Control: Field bindweed is an extremely difficult noxious weed to control because,
in part, of its taproot that may go 20 feet deep into the soil, and
which repeatedly gives rise to numerous long rhizomes.
Chemical: Herbicides labeled for use on field bindweed and
found to be effective are: picloram (Tordon 22K), dicamba (Banvel),
glyphosate (Roundup, Rodeo), and 2,4-D. Picloram and dicamba can injure
trees. Effective control can take many years with some herbicide use
strategies. Proper timing of application is critical, during late
spring, or just after full-bloom, and early fall are ideal opportunities
to apply picloram and 2,4-D.
Mechanical: Mechanical control of field bindweed is difficult
because of its low growth habit. Mowing generally has little or no
effect. Hoeing or grubbing are more effective. Cultivation at intervals
of 10 to 14 days can be effective, but 2 or more growing seasons of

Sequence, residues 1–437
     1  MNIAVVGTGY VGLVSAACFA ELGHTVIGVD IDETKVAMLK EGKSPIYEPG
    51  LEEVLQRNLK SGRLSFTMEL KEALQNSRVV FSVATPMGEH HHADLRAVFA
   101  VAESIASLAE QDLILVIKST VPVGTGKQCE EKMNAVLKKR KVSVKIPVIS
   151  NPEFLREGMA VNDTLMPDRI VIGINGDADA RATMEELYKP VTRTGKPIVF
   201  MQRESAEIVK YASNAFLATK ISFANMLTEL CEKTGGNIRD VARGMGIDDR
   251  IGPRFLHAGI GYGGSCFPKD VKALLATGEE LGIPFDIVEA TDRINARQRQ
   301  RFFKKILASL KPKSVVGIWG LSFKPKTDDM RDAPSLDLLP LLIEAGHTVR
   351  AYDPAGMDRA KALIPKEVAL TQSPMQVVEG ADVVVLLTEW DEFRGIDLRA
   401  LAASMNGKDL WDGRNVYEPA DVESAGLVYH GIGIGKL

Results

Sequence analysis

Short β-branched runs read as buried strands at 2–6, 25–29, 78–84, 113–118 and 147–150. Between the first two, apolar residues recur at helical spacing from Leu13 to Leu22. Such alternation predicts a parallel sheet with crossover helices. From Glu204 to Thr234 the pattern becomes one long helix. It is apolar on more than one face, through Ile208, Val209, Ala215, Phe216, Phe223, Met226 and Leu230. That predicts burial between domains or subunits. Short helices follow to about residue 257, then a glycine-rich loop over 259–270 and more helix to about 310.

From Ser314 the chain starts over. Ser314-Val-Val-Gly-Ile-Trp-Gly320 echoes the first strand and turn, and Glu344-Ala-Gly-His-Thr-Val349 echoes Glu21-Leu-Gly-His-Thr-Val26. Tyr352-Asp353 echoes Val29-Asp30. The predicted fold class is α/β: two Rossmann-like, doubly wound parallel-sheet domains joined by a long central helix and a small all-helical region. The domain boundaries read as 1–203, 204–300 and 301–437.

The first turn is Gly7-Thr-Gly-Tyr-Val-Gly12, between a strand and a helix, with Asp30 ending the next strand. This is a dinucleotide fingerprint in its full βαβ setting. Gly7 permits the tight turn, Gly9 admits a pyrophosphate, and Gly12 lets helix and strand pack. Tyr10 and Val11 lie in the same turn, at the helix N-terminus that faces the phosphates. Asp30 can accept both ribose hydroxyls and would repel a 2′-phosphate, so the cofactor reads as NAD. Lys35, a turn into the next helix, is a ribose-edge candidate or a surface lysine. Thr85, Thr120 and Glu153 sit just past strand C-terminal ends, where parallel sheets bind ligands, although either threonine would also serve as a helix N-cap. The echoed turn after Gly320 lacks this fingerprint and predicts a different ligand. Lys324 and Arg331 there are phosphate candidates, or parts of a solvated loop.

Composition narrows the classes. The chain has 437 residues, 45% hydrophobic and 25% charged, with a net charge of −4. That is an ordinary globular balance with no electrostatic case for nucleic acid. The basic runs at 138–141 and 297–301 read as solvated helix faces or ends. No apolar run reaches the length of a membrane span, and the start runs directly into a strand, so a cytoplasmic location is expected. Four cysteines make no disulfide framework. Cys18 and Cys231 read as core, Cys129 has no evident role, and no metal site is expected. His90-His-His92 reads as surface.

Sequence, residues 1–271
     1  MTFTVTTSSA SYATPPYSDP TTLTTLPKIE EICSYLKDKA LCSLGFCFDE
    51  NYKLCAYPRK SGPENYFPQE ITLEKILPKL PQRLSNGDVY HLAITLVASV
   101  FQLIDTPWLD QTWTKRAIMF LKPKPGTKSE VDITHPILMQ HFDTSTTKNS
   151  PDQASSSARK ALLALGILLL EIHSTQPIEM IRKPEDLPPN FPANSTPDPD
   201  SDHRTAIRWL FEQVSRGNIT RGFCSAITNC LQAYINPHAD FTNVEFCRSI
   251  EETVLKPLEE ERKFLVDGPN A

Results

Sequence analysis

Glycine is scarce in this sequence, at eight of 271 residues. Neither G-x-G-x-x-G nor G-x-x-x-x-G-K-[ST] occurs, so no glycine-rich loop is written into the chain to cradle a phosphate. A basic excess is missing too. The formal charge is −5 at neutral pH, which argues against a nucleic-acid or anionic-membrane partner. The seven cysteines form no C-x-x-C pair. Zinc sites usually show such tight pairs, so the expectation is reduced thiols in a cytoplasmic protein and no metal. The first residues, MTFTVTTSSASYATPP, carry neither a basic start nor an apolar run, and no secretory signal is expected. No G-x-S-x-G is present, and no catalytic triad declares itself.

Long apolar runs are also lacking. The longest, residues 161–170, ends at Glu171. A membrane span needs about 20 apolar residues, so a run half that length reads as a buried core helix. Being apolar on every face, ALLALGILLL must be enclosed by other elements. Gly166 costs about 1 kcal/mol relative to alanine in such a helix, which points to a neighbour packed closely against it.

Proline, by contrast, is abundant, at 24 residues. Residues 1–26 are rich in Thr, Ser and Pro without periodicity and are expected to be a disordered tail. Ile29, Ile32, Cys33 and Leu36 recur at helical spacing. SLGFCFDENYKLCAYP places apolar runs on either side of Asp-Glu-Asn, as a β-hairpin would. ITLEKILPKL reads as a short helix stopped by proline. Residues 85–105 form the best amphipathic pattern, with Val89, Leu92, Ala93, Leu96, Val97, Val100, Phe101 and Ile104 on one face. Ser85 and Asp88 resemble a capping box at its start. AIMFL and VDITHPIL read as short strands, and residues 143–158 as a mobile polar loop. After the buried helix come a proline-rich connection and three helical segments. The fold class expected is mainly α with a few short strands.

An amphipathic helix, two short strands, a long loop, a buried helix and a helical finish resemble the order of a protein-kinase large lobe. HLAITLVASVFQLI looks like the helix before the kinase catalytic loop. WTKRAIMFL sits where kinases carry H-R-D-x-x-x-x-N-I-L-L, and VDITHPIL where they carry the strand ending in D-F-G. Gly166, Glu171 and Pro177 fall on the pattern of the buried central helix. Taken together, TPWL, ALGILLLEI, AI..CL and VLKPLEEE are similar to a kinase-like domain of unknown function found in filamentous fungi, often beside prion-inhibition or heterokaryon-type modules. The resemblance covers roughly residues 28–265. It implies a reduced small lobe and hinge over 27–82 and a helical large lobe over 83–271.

diligent effort are needed to achieve stand reduction. Cultivation
intervals must continuously be maintained. Cultivation can spread
bindweed rhizomes to noninfested sites via dragging, or from being
transported on the cultivation equipment.
Biological: Biological control of field bindweed is difficult,
at best. No insects are available that effectively control this weed.
Livestock will graze bindweed as a nutritious feed; horses, however,
can develoop intestinal problems when eating primarily bindweed. Because
of its low growth habit, however, bindweed tends not to be grazed
radically enough to cause necessary plant stress. If it is, often
the site is overgrazed, which is not desireable and tends to favor
bindweed proliferation. Seed production may not be prevented, despite
efforts through grazing.
Cultural: Cultural control methods tend to work poorly towards
controlling bindweed. A productive, aggressive grass stand will tend
to slow the spread of bindweed, and to deter the establishment of
new infestations. But bindweed will survive and spread, even in a